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HeddWyn

Wales Remembers First World War Centenary At Grave Of Hedd Wyn

14 August 2014

On Sunday, August 17 a service will be held at the grave of Welsh poet Private Ellis Humphrey Evans, known as Hedd Wyn, as part of a weekend of activities to commemorate the 40,000 Welshmen who died in the First World War.

Thousands of people are expected to travel from Wales to the Commonwealth War Graves Commission's Artillery Wood Cemetery in Flanders, Belgium to attend the service; which will feature a sixty-strong male voice choir, prayers, readings and the laying of wreaths.

The event at Artillery Wood is preceded on Saturday 16 August by the dedication of a new Welsh memorial at Langemark. The eight-foot tall bronze dragon, was sculpted at Wales' Castle Fine Arts Foundry in Powys, after £130,000 was raised by the public, over four years, through the Welsh Memorial in Flanders Campaign.

CWGC historian, Dr Glyn Prysor, said: "Like so many Welsh men and women, Ellis Evans left his home to serve in a war which at times defied imagination. Writing as Hedd Wyn, his poetry was among the most profound, moving and inspirational to emerge from the war. Artillery Wood Cemetery is a place of pilgrimage for those of us who come here to reflect on his life, and the lives of thousands of his countrymen who now lie in Commonwealth War Graves, or whose names are inscribed on Memorials to the Missing, across Flanders, Europe, and the world."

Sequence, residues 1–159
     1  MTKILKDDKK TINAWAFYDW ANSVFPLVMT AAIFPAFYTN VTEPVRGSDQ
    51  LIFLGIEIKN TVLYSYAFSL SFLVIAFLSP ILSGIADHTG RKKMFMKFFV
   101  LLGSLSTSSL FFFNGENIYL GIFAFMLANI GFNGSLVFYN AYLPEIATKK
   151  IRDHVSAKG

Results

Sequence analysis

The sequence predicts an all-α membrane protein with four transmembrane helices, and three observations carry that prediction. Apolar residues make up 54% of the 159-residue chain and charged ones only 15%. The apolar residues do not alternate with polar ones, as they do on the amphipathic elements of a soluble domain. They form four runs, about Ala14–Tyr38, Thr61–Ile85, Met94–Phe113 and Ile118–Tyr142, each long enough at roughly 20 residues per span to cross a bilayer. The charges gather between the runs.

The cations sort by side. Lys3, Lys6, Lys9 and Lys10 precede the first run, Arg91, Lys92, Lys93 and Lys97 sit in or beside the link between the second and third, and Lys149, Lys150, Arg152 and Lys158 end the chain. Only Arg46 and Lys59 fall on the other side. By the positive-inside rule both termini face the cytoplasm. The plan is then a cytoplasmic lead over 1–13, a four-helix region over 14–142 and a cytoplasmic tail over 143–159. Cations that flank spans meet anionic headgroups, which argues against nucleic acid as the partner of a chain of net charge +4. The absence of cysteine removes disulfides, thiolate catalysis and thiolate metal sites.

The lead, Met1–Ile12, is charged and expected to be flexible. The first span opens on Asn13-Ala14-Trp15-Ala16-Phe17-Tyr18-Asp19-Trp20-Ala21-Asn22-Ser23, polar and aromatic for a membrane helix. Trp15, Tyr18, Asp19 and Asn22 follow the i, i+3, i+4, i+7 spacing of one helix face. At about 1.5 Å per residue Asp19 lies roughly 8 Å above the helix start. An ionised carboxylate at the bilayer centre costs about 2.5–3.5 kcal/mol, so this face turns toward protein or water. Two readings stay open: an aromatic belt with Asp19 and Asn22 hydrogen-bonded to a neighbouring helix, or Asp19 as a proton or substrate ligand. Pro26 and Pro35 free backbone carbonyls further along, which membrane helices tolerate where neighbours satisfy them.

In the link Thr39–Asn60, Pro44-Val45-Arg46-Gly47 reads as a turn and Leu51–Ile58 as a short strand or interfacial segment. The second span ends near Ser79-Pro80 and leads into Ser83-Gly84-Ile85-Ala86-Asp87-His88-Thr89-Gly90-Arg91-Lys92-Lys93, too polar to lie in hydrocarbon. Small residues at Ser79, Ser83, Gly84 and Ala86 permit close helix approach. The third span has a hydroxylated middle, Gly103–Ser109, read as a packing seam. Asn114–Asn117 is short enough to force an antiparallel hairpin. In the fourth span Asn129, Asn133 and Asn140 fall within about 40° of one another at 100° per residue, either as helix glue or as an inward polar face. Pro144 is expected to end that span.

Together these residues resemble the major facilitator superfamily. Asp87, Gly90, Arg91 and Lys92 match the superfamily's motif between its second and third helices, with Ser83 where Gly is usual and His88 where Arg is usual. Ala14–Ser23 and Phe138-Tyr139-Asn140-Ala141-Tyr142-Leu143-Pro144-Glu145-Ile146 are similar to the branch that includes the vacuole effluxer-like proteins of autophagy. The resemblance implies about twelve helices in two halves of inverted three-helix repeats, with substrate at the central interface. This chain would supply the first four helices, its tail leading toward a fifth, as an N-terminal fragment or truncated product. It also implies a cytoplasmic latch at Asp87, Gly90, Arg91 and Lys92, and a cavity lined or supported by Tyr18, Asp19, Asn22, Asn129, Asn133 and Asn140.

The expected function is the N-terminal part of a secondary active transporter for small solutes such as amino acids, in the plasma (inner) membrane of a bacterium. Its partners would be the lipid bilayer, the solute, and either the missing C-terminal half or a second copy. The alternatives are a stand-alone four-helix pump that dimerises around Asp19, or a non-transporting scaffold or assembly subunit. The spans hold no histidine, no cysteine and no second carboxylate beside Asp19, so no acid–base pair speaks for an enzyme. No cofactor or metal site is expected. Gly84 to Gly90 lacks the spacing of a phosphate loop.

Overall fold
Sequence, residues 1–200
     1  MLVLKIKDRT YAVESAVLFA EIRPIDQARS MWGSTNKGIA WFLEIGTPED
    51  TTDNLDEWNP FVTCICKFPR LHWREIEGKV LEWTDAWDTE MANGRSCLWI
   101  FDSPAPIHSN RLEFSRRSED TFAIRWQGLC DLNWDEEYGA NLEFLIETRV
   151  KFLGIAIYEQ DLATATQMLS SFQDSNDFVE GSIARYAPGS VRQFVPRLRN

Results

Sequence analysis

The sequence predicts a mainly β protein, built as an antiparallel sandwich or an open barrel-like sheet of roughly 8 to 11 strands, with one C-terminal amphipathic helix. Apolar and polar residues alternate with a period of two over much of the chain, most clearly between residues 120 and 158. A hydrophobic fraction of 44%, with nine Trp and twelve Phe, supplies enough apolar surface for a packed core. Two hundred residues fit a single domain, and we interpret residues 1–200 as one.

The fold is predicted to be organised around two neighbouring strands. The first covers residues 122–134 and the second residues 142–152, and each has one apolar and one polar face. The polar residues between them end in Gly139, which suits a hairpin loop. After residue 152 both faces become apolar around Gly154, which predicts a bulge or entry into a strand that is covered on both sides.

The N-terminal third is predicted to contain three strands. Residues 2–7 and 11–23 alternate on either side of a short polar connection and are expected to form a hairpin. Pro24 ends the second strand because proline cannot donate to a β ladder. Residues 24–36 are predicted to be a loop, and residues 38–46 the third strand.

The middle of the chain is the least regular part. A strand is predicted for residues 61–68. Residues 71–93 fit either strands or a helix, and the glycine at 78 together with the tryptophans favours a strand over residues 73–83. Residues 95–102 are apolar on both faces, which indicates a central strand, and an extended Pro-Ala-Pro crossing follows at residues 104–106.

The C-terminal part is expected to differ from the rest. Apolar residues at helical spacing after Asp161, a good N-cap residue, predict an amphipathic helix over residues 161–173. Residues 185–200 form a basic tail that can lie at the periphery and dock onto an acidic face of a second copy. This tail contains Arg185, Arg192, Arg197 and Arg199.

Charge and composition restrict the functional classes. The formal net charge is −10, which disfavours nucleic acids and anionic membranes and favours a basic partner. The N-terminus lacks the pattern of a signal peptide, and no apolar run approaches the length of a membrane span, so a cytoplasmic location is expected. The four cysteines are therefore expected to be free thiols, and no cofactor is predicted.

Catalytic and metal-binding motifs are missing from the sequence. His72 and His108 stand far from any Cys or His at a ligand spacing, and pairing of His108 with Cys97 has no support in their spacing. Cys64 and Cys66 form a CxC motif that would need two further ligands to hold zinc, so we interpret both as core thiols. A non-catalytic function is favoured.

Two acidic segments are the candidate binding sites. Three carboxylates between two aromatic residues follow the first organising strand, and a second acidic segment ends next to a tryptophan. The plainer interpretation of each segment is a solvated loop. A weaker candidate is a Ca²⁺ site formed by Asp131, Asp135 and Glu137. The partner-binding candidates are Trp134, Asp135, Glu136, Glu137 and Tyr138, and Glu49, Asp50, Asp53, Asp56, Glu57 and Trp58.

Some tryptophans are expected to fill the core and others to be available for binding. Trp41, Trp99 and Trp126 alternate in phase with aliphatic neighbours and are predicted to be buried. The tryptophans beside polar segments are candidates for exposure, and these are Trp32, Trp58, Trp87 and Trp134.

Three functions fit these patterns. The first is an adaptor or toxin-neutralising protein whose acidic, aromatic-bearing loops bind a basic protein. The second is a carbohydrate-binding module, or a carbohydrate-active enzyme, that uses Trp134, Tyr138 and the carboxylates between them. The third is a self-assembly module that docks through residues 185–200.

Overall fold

Ellis Evans came from a farming family in rural Gwynedd and enlisted in the Royal Welsh Fusiliers in February 1917. On 31 July 1917, the first day of the Battle of Pilckem Ridge (part of the Third Battle of Ypres), he was hit by a piece of trench mortar shell near Langemark and died at a nearby aid post. He is buried at the CWGC Artillery Wood Cemetery in a plot close to fellow poet Francis Ledwidge.

Evans was largely self-educated and showed an early talent for poetry in the Welsh bardic tradition. He took the first of the six poetry chairs he would win in competition in 1907 and was awarded his bardic name Hedd Wyn ('blessed peace') in 1910. Soon after his departure on active service, he completed Yr Arwr (The Hero), his entry for the 1917 National Eisteddfod, for which he was posthumously awarded the poetry chair.